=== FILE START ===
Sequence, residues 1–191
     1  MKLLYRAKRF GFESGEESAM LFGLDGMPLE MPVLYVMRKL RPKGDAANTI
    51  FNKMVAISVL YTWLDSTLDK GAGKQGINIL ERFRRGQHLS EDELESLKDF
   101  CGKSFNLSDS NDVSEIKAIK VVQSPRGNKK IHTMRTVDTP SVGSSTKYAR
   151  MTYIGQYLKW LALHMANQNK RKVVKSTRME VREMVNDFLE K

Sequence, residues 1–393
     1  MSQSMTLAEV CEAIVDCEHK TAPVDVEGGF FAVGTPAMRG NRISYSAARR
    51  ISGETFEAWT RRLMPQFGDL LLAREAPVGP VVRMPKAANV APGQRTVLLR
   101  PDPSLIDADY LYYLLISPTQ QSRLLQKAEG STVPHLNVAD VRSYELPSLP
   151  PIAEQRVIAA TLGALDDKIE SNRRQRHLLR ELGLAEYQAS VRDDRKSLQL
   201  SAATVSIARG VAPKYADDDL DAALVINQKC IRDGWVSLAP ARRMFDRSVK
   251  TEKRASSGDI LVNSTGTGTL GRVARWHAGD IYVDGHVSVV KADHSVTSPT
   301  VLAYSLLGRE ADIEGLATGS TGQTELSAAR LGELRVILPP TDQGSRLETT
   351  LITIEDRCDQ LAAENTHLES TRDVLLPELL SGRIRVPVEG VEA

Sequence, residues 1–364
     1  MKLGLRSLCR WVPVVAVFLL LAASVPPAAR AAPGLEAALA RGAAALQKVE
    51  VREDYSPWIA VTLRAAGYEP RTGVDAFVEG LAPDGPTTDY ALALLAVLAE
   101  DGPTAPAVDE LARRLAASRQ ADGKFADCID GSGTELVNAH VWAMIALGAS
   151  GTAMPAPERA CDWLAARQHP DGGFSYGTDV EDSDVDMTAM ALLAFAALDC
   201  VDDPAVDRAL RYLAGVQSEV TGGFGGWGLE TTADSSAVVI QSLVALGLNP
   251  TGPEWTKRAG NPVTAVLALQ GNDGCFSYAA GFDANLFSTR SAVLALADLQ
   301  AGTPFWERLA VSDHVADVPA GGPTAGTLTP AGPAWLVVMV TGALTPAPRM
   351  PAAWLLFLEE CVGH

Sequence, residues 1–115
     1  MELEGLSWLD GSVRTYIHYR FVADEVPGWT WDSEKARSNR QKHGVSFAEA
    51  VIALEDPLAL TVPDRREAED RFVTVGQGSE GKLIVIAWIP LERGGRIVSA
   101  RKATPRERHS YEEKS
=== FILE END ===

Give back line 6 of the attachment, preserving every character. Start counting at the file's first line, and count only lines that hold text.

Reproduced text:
Sequence, residues 1–393